PLR Registrar confirms GCC community libraries not covered by public authority lending scheme

I have just had a very interesting conversation with the PLR Registrar Jim Parker. He confirmed that Gloucestershire County Council has NOT approached him for clarification over the PLR issues they face but he is happy to discuss this matter with them if they would like to.

Please note : Mr Parker stated that the information he was giving me had been clarified as correct by the DCMS before he spoke to me. Therefore, we would assume that if GCC had sought clarification from DCMS then they would have received the same information.

Gloucestershire County Council has been misinforming us and communities in Gloucestershire. This is serious cause for concern.

What follows is a report of my conversation with Mr Parker.

Gloucestershire County Council made it clear in their library strategy that the community run libraries would fall outside of the statutory provision. Libraries outside of the statutory provision are not covered by PLR. However, when questioned on the PLR issues , Sue Laurence (Head of Libraries) and Jo Grills (the Officer who is responsible for libraries). (Incidentally, County Councilors who have libraries in their portfolio seem to be invisible currently) said,

“We carefully considered the implications of the Public Lending Right when we developed our proposals for community libraries and we are satisfied that our plans are not in breach of this.  Community libraries, whilst not part of the core statutory service, are still part of the Gloucestershire library family. This means that they share the same library management system and library membership cards as council-run libraries and all book stock will be on the Gloucestershire Library catalogue.  As such, books will be available for loan to people in the county and we consider this to be under the umbrella of the local authority lending scheme”  (email to FoGL Chair)

This was repeated by GCC spokespeople  to the press

Mr Parker said this was in fact incorrect.

He said that if the authority is not legally responsible for the community libraries then they are not part of the statutory provision, are not covered by the 1964 Public Libraries Act and will not be covered by PLR.  PLR is part of the copyright act and allows book lending by public authorities.  Mr Parker confirmed that regardless of the “family” label Ms Grills and Ms Laurence have decided to give the community libraries, and regardless of the fact that they have access to the library management system, the community libraries fall outside the PLR umbrella.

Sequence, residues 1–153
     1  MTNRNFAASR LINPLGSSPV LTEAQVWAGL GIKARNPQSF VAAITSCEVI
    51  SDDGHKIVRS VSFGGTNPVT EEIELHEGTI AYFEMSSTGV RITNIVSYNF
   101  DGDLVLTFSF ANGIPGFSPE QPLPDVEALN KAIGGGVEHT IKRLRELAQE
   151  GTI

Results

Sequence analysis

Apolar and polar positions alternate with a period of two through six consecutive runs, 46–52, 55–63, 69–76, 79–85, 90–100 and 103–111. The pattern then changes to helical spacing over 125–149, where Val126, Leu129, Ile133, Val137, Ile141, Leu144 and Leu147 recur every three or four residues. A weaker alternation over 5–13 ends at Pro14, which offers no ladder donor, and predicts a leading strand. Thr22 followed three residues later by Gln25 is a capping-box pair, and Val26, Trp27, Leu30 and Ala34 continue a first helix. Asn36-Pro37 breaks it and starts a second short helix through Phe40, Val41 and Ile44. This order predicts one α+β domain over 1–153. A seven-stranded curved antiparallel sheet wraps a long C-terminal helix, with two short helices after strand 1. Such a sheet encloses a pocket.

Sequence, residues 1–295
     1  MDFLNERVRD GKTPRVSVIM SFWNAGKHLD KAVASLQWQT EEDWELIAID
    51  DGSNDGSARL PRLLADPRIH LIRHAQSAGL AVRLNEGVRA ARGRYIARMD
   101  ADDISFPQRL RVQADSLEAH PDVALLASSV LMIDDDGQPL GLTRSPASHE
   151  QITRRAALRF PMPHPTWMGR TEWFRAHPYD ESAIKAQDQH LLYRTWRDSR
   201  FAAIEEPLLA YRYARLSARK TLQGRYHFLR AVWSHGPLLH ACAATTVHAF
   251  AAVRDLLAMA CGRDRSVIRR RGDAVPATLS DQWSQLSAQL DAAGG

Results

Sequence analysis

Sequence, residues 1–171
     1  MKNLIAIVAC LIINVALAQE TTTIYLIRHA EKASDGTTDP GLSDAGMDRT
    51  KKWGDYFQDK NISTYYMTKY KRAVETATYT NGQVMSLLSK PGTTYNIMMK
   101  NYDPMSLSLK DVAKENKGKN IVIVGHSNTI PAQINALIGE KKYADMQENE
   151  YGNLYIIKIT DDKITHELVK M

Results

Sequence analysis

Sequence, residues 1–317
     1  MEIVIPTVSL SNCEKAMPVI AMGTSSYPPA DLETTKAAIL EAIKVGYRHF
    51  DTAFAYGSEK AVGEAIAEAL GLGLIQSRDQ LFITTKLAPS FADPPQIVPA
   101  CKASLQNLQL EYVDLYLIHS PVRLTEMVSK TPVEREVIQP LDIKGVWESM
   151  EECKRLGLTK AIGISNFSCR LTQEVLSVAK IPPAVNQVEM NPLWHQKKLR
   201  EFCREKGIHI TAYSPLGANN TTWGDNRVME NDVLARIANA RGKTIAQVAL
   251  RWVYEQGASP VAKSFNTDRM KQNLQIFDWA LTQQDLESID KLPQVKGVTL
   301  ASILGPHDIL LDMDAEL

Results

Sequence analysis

In fact, and this is of some concern, Mr Parker told me that they would have to “disentangle” the community library issue statistics from the county statistics, which will be a logistical problem. He also said that this situation can only change if the government changes the PLR licence conditions and the Public Libraries Act 1964.

So, this is entirely contradictory to what GCC have told us and the communities.  It would seem that GCC are being loose cannons and are making it up as they go along.

We are very open about the source of our clarification – the PLR and DCMS who are responsible for PLR administration. GCC are refusing to tell us or give us sight of the source of their information.

Prescribed Library – a ray of hope for communities?

Mr Parker said that if the community libraries are not what are called “prescribed libraries” then they will need permission from authors to lend their books. When I asked him what prescribed libraries are he said it is unclear but in theory any library set up “for the public good” such as the British Library and education establishments. When asked if this applies to our community libraries he said he did not know the answer and that clarification from the government is also needed on this issue.

In conclusion

GCC have provided misinformation and have misled us. GCC appear to have not done their research.

Ms Grills told us, in response to our request to see sight of the advice they had received,

“Sue Laurence has made Gloucestershire’s position in relation to the PLR scheme clear, and if you have further queries on the operation of the scheme these should be addressed to the UK PLR Registrar or to the DCMS”

I would argue that it would be wise for her to take her own advice, especially given the fact that it is her and Ms Laurence’s job, not  ours, to ensure they are acting lawfully and giving out the right information.  Once again we find ourselves doing the job of Ed Vaizey and the DCMS in having to superintend GCC!

If only GCC had kept the community libraries as part of the statutory provision as we begged.

Mr Parker said that DCMS are aware of the PLR issues and are looking into it but this is a new situation and in order to change it legislation will need changing.

Until these issues have been resolved GCC should not be pushing ahead with these plans, should retract their inaccurate statements, and should ensure that communities are given the correct information. We ask again, what else have they overlooked?

We have been told that the legal handover of these libraries will be happening in November 2012.

UPDATE 16/07/2012